We had not gone more than a few miles when a battle began between the south-east and north-west winds. This caused a choppy sea and made it impossible to raise the sail. It was decided to veer to the right, and land on the uninhabited island of Venitico, so named because the Venetians used it as an observation post to defend their interests against the Ottoman fleet and the pirates in days gone by.
We spent the night under the bushes on the island, but the New Zealanders were apprehensive and eager to leave, so before dawn we set off again with a good wind making it unnecessary to use the oars. We sailed due south instead of south-east to avoid passing the island of Kythera, where the Germans would surely have a presence. We made good progress until late afternoon, when suddenly gusts of wind swung the sail from side to side, quite out of control. The canvas tore and we had to duck to avoid being hit by the boom. I was told to crawl into the small cupboard in the prow.
For the rest of the journey I stayed there, unable to keep down food or drink. The others took turns at the oars throughout the night. Next morning conditions had improved, but the boat of my Uncle Vangos and his party had come untied from our craft. Ultimately, they made their way back to the mainland and returned home without the Germans ever knowing they had almost escaped.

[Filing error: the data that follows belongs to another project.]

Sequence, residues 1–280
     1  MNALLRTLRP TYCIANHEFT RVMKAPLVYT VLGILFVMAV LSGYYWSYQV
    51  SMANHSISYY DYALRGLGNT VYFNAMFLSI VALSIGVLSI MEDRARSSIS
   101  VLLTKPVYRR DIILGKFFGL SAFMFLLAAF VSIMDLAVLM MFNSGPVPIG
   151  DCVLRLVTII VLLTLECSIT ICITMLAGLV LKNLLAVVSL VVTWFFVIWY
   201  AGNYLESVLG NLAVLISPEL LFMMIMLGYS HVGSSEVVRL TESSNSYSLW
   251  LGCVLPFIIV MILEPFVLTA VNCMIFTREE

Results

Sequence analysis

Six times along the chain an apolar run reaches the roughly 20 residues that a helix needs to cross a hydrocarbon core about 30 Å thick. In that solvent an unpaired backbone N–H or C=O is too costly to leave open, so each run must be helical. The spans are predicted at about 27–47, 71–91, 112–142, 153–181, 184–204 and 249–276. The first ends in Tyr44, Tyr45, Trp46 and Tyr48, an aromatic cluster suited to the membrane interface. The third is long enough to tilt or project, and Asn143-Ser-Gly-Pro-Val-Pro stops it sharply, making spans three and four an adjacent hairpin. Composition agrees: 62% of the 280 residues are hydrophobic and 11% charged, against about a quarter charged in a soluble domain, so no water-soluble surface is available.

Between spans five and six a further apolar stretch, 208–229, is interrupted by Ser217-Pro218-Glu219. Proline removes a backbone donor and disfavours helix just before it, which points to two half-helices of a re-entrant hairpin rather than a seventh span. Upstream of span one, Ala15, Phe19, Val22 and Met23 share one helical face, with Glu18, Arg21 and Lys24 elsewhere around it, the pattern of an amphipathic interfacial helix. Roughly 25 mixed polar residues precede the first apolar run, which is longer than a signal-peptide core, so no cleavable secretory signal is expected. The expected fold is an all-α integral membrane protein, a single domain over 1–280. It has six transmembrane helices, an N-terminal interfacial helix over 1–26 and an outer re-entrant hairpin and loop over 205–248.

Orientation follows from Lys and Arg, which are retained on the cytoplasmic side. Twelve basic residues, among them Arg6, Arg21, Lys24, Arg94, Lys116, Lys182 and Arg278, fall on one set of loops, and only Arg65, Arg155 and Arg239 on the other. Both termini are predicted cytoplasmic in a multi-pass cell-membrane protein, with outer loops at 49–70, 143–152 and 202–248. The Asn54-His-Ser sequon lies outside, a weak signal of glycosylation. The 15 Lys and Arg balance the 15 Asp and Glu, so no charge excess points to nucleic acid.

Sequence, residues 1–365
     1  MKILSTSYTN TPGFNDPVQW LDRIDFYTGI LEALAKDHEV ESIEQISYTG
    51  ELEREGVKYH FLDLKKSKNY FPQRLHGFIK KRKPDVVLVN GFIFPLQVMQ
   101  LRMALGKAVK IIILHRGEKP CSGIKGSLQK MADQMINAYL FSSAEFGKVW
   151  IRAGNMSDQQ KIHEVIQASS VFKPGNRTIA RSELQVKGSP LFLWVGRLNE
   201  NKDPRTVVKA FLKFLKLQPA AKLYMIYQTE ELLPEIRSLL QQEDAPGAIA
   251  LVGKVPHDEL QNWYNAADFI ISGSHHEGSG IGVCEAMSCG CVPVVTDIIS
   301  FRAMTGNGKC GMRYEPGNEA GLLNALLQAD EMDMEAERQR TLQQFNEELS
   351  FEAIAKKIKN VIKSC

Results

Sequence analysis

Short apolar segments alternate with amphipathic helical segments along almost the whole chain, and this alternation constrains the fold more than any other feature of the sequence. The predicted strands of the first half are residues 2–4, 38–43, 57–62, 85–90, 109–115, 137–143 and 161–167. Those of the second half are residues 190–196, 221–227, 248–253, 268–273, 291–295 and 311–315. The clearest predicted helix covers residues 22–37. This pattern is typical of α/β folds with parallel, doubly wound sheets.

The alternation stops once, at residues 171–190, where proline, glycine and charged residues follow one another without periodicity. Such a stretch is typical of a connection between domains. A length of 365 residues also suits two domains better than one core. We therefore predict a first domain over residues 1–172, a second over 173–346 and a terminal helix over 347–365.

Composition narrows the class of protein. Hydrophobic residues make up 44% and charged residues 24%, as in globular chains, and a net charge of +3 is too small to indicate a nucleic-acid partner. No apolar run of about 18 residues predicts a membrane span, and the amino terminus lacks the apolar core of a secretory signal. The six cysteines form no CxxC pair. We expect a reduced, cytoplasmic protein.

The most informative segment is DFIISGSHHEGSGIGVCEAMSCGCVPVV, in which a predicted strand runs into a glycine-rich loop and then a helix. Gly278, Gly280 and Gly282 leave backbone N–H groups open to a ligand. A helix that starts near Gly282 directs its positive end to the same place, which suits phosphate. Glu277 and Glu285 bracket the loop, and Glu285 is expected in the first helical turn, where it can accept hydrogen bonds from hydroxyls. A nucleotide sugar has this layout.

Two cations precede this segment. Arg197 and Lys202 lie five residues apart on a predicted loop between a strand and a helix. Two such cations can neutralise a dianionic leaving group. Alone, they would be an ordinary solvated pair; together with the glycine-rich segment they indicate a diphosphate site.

On our boat, a blanket was tied across the sail to cover the gaping hole and, as we began the third night of our journey, we hoped that the late afternoon winds would not be as bad as they had been the evening before.
Just then the New Zealander holding the tiller pointed westwards towards the setting sun, where he had spotted a number of ships sailing in our direction. There were expressions of both hope and fear – were they British or Italian? Would they stop? Would our fishermen’ s disguise, and the bits of net and floats of coloured calabashes, fool them? Out of his pocket the helmsman took a small mirror. He held it high above his head to catch the sun, then suddenly brought it down again. He repeated this action a number of times, until one of the ships broke away from the convoy and headed towards us at top speed.
There were exclamations of joy from the New Zealanders when it came near enough for them to recognise the flag. As it approached, the ship reduced speed and many of the sailors on deck waved. We had to hold tightly onto the sides of the little boat, as it bobbed up and down on the massive ship’ s bow-waves. Comparative calm was soon restored; our boat was manoeuvred close to the side of the ship, to the applause of those above and ourselves below. We could not understand what the New Zealanders and the sailors were saying, but it did not matter. We knew that we were safe from the perils that the Sea of Crete may have held for us if we spent another night baling water.